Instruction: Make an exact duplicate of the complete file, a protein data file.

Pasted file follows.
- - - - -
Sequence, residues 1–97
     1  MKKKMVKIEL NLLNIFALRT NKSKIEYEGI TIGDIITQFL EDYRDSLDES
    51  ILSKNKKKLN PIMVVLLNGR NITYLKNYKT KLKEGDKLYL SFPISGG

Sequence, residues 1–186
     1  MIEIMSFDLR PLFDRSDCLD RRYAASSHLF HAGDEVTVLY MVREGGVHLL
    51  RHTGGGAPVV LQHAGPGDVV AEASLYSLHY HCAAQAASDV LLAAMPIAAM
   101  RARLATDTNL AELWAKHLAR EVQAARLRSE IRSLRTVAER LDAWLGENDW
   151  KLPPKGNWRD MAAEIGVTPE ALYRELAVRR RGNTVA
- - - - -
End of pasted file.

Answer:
Sequence, residues 1–97
     1  MKKKMVKIEL NLLNIFALRT NKSKIEYEGI TIGDIITQFL EDYRDSLDES
    51  ILSKNKKKLN PIMVVLLNGR NITYLKNYKT KLKEGDKLYL SFPISGG

Sequence, residues 1–186
     1  MIEIMSFDLR PLFDRSDCLD RRYAASSHLF HAGDEVTVLY MVREGGVHLL
    51  RHTGGGAPVV LQHAGPGDVV AEASLYSLHY HCAAQAASDV LLAAMPIAAM
   101  RARLATDTNL AELWAKHLAR EVQAARLRSE IRSLRTVAER LDAWLGENDW
   151  KLPPKGNWRD MAAEIGVTPE ALYRELAVRR RGNTVA